Ciacci Piccolomini d’Aragona is located in the town of Montalcino in the Tuscany section of Italy. The winery produces red wine, grappa, and olive oil. While they are best known for the Brunello di Montalcino (two non-Riservas and one Riserva), they produce five other red wines as well, using a number of different varietals.
The 2009 Ciacci Piccolomini d’Aragona Rosso Toscana was “mostly Sangiovese” (that is a quote from the winery’s website and they did not respond to a request for further information). The restaurant I sourced the wine at listed the breakdown as 50% Sangiovese, 30% Cabernet Sauvignon, 10% Merlot, and 10% Syrah. The wine was aged in Slavonian oak barrels and barriques (aging time unavailable). As a result of the varietal blend, the designation was IGT.
I had previously tasted the Ciacci Piccolomini Brunello di Montalcino Pianrosso and greatly enjoyed the wine. As I was dining at Basil T’s, in Red Bank, NJ, I came across the Ciacci Piccolomini Rosso Toscana IGT on their seasonal wine list. Their seasonal list is designed to move vintages that are at or nearing their peak. The list also offers a discount of 50% on the price. So, instead of the typical restaurant markup, you are paying close to retail for a bottle of wine. It’s a nice deal.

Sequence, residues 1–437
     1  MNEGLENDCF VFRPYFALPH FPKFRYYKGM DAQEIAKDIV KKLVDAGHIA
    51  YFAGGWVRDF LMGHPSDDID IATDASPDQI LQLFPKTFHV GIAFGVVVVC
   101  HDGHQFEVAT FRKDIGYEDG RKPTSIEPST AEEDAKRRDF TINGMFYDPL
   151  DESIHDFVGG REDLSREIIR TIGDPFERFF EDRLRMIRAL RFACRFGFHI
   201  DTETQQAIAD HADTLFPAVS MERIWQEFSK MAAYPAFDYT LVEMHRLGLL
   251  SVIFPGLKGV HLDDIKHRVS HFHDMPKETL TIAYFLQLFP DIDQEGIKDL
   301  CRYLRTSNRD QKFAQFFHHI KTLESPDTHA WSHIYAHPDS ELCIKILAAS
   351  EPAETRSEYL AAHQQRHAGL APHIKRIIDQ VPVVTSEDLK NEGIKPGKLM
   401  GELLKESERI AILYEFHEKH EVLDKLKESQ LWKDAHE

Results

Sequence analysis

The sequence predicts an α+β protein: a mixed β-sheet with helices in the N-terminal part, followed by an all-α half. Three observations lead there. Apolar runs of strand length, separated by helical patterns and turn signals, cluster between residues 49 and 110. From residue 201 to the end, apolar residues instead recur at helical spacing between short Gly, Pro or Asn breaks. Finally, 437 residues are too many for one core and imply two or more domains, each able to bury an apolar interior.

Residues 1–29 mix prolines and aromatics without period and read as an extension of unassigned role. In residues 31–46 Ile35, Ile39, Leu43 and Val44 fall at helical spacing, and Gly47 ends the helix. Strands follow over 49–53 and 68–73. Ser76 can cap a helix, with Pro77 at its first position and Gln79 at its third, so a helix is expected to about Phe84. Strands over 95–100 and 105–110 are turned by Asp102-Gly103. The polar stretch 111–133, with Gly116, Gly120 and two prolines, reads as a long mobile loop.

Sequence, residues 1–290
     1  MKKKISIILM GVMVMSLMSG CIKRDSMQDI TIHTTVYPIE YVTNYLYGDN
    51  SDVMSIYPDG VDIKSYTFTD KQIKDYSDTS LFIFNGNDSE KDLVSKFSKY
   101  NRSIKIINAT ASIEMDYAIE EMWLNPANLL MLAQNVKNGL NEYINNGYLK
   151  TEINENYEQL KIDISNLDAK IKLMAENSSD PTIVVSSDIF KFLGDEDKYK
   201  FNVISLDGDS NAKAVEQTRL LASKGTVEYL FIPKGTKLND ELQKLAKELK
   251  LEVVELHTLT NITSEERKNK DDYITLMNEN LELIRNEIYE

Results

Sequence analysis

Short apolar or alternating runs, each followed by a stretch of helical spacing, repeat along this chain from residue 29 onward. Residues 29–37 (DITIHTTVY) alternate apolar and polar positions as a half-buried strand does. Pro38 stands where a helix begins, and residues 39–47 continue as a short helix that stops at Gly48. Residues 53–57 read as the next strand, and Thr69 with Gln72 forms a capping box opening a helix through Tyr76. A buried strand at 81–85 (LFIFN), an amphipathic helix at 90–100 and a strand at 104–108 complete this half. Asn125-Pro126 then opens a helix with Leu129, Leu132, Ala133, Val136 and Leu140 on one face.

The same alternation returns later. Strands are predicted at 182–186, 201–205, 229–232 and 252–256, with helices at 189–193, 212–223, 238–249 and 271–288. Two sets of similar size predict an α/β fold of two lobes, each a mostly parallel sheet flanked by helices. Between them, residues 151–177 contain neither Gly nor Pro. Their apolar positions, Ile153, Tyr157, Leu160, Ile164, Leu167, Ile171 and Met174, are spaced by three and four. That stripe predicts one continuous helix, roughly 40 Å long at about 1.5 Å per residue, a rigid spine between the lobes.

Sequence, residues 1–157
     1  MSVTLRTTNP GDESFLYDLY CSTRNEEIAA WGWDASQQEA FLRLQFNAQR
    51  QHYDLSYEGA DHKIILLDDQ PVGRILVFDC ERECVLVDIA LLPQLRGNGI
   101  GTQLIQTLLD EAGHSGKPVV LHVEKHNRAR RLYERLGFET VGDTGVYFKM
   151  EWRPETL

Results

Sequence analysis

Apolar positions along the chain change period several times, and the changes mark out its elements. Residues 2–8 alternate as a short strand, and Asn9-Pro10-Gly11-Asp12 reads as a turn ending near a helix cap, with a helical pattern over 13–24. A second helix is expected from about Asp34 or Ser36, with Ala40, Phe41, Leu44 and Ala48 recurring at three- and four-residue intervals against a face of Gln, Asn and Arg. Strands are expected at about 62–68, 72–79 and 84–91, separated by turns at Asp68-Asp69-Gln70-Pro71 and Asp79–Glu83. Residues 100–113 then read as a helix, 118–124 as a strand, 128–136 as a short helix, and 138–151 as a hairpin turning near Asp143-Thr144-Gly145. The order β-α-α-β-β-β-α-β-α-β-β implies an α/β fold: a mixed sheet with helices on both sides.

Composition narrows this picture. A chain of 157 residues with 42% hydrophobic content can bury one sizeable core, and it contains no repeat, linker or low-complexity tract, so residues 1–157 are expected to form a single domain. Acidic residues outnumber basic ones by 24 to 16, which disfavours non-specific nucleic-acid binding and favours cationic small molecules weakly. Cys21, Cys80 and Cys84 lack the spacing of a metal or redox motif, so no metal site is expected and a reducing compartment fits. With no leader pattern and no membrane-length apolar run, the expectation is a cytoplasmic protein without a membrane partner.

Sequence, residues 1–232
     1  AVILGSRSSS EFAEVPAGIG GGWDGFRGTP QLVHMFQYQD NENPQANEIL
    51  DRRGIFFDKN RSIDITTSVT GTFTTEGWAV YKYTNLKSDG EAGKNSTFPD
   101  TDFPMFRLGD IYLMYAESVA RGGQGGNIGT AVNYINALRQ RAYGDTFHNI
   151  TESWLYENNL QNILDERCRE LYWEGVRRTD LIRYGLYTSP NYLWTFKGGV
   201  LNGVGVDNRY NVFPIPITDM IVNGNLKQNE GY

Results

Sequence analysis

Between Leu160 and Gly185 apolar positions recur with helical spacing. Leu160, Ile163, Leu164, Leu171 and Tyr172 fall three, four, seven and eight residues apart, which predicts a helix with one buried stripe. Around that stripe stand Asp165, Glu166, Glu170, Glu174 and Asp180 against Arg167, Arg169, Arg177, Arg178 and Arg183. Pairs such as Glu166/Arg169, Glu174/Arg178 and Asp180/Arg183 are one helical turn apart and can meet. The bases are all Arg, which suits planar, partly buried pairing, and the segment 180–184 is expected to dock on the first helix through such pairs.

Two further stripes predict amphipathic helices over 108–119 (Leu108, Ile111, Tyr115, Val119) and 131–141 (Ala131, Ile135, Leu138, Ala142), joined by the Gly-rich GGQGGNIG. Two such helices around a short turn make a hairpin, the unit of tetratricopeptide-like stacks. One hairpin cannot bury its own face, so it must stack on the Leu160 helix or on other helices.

I decided to give this IGT a taste.
The Antinori family dates their family line in Italy to the early 13th century. The family were initially members of the Guild of Silk Weavers in 1285. Then, in 1385, an Antinori joined the Guild of Wine Merchants. Today, Marchesi Antinori is a wine empire. They produce wines from Tuscany and Umbria, and have formed joint ventures with other wineries in the United States, Chile, Hungary, Malta, Romania, and Italy.
The 2008 Antinori Tignanello was a red blend, comprised of 80% Sangiovese, 15% Cabernet Sauvignon, and 5% Cabernet Franc. The grapes were sourced from the Tignanello and Solaia vineyards, 30 kilometers south of Florence in the Tuscany region of Italy. The wine was aged in French and Hungarian oak barrels (60% new, 40% second vintage) for 12 months, and spent an additional 12 months aging in the bottle prior to release. The label listed ABV was 13.5%. The wine carried an IGT classification. There were 335,000 bottles of this vintage produced.